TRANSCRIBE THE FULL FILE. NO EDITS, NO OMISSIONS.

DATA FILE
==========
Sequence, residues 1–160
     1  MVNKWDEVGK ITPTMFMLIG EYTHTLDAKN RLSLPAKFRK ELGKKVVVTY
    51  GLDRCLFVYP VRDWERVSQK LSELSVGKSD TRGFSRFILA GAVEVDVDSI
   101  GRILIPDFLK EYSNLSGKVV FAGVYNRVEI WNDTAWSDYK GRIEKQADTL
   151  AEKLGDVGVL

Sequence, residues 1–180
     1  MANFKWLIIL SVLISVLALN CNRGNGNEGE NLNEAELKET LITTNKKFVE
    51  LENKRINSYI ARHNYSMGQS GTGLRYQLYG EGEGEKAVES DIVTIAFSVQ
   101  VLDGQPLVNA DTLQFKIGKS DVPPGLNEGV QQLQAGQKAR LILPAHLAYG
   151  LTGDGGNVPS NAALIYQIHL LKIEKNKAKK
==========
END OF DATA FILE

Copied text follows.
Sequence, residues 1–160
     1  MVNKWDEVGK ITPTMFMLIG EYTHTLDAKN RLSLPAKFRK ELGKKVVVTY
    51  GLDRCLFVYP VRDWERVSQK LSELSVGKSD TRGFSRFILA GAVEVDVDSI
   101  GRILIPDFLK EYSNLSGKVV FAGVYNRVEI WNDTAWSDYK GRIEKQADTL
   151  AEKLGDVGVL

Sequence, residues 1–180
     1  MANFKWLIIL SVLISVLALN CNRGNGNEGE NLNEAELKET LITTNKKFVE
    51  LENKRINSYI ARHNYSMGQS GTGLRYQLYG EGEGEKAVES DIVTIAFSVQ
   101  VLDGQPLVNA DTLQFKIGKS DVPPGLNEGV QQLQAGQKAR LILPAHLAYG
   151  LTGDGGNVPS NAALIYQIHL LKIEKNKAKK